Insurer Urges 2nd Circ. To Shun COVID Coverage Appeal

    Factory Mutual Insurance Co. urged the Second Circuit not to revive an electronics components manufacturer's more than $100 million COVID-19 coverage suit, claiming that the court has already rejected the company's arguments in other cases.

  • December 01, 2023

    SPAC Eyeing AirAsia Parent Merger Risks Nasdaq Delisting

    Special-purpose acquisition company Aetherium Acquisition Corp. is at risk of having its securities delisted from the Nasdaq following multiple bouts of noncompliance with listing rules, according to an announcement Friday — just a month after the SPAC announced plans to merge with and take public Malaysian airline AirAsia's parent company.

  • December 01, 2023

    Sandra Day O'Connor, First Woman On Supreme Court, Dies

    Retired U.S. Supreme Court Justice Sandra Day O'Connor, the court's first female member, died Friday at 93, according to the court. Justice O'Connor's position at the ideological center of the court gave her outsized influence in controversial cases during her 25-year tenure.

  • November 30, 2023

    2nd Circ. Won't Revive Nuveen's Shareholder Voting Limits

    The Second Circuit on Thursday upheld a district court ruling that determined trustees for Nuveen's closed-end mutual funds violated activist investor Saba Capital's voting rights by enacting bylaws restricting voting power once an investor's stake exceeds a certain threshold.

  • November 30, 2023

    NJ Hospitals Accuse Cigna Of Underpaying Bills By $114M

    A New Jersey hospital network is accusing Cigna Health and Life Insurance Company of shorting it more than $114 million by underpaying bills for out-of-network care.

  • November 30, 2023

    2nd Circ. Axes MetLife's Bid For Quick Appeal Of ERISA Class

    The Second Circuit turned away Metropolitan Life Insurance Co.'s push to immediately challenge a decision certifying a class of 1,800 workers who said faulty mortality estimates caused them to get shortchanged on retirement benefits.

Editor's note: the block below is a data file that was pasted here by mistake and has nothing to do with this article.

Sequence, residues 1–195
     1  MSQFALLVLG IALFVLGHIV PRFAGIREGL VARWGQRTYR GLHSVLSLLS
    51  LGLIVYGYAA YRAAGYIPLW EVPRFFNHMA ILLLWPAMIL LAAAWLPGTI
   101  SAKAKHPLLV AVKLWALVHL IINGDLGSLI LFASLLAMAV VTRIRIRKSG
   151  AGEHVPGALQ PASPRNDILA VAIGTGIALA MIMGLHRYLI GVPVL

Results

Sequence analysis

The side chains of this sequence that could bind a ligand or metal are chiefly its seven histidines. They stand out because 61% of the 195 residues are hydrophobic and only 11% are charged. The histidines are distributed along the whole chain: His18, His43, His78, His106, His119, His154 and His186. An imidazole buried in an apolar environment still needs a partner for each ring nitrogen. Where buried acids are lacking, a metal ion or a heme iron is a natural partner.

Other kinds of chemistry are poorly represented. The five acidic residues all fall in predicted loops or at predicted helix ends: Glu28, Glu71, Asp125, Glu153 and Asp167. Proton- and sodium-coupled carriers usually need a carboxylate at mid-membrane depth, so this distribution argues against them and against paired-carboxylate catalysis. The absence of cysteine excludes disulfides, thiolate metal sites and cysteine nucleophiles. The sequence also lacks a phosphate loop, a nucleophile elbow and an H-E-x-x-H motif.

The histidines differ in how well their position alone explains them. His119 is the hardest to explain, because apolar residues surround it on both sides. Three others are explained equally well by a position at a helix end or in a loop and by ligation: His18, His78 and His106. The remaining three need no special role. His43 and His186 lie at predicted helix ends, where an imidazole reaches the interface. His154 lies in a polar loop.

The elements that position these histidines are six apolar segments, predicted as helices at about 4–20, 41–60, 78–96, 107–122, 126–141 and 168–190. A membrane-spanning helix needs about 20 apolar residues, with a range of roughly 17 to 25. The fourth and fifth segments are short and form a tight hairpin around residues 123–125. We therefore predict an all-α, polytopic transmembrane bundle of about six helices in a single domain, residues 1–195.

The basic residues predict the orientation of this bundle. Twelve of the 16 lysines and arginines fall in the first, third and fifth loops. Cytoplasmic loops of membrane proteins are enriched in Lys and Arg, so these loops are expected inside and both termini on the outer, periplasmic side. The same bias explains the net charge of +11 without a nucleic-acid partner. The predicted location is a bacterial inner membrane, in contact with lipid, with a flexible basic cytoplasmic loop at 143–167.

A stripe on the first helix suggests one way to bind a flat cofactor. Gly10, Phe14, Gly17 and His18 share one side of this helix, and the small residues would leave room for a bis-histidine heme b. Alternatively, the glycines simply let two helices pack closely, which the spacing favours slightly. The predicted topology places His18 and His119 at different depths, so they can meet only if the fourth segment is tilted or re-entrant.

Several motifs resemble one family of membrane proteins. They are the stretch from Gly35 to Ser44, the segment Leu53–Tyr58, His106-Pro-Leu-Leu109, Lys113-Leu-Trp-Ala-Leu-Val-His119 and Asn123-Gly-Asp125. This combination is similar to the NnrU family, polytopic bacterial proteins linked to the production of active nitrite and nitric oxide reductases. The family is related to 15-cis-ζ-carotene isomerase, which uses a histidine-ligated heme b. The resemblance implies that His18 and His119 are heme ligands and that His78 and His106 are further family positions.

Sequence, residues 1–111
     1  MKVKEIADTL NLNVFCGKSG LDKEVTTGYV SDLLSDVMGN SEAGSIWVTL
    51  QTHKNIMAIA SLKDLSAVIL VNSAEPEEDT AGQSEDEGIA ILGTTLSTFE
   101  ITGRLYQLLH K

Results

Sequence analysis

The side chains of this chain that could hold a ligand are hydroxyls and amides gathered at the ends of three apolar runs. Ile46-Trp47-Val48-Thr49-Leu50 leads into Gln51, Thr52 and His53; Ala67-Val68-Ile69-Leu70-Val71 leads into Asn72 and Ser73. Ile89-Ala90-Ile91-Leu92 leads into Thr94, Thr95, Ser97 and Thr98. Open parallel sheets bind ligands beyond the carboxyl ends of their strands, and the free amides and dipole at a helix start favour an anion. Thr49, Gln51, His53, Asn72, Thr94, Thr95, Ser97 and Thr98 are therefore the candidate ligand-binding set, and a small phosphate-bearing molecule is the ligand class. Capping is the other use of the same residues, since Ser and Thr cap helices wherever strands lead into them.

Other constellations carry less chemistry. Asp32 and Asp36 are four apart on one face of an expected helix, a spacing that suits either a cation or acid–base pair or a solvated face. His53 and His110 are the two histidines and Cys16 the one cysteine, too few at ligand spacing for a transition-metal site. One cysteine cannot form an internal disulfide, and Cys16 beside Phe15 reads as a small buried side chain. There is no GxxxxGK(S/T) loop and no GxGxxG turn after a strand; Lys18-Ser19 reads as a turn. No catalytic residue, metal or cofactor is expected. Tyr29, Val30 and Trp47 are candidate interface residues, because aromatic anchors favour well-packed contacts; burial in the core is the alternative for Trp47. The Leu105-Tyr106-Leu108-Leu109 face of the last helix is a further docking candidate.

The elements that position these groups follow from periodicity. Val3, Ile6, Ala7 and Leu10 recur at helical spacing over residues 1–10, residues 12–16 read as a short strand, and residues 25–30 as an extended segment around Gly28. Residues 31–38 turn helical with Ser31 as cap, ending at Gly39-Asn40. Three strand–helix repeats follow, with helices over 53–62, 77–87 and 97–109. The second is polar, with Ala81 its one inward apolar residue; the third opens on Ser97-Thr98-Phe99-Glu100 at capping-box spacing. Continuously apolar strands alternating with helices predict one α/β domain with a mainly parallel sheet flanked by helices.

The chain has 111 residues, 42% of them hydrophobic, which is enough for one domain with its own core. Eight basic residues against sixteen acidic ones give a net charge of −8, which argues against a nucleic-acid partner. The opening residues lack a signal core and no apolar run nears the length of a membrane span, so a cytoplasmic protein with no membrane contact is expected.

• November 30, 2023

    Firm Wants To Stop Repping Lawyer In Conn. Defamation Suit

    The firm representing a Connecticut attorney who sued an acquaintance for allegedly commissioning, paying for and disseminating a phony background report accusing the lawyer of criminal behavior now wants out of the suit, asking a state court judge to allow it to withdraw as counsel, citing an "irretrievably broken" attorney-client relationship.

  • November 30, 2023

    Pratt & Whitney Fights Document Demand In $30M Airline Row

    Calling the demands "irrelevant" and "unduly burdensome," RTX Corp.'s Pratt & Whitney division has opposed Connecticut-based requests for internal sales calculations in an underlying $30 million Illinois feud between competing airline maintenance provider Jet Support Services Inc. and Sun-Air of Scandinavia AS, a Danish affiliate of British Airways.

  • November 30, 2023

    Senate Panel Advances 5 Judicial Nominees In Tense Meeting

    The Senate Judiciary Committee voted out five judicial nominees along party lines during a contentious meeting Thursday.

  • November 29, 2023

    Conn. Financial Adviser's New Firm Stole Clients, Suit Says

    A Connecticut-based financial adviser surreptitiously resigned from Wealth Enhancement Group LLC to take a job with another firm and worked to siphon off nearly 30 clients at his new employer's direction, according to a lawsuit in Connecticut state court.

  • November 29, 2023

    Insurer Aims To Fight $2M Injury Coverage Suit In Fed. Court

    A Hartford unit removed to New York federal court Wednesday its dispute with an AmTrust Financial unit over which insurer must be primarily on the hook for defending a construction worker's $2 million injury action, arguing that the court retains diversity jurisdiction.

Expert Analysis

  • 2nd Circ. Defamation Ruling May Chill NY Title IX Reports

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    The Second Circuit’s recent decision, holding accusers in Connecticut Title IX sexual misconduct cases are not immune to defamation claims, means that New York higher education institutions should reassess whether their disciplinary hearing procedures both protect due process and encourage victim and witness participation, says Nicole Donatich at Cullen and Dykman.

  • Series

    Writing Thriller Novels Makes Me A Better Lawyer

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    Authoring several thriller novels has enriched my work by providing a fresh perspective on my privacy practice, expanding my knowledge, and keeping me alert to the next wave of issues in an increasingly complex space — a reminder to all lawyers that extracurricular activities can help sharpen professional instincts, says Reece Hirsch at Morgan Lewis.

  • What Lawyers Must Know About Calif. State Bar's AI Guidance

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    Initial recommendations from the State Bar of California regarding use of generative artificial intelligence by lawyers have the potential to become a useful set of guidelines in the industry, covering confidentiality, supervision and training, communications, discrimination and more, say attorneys at Debevoise.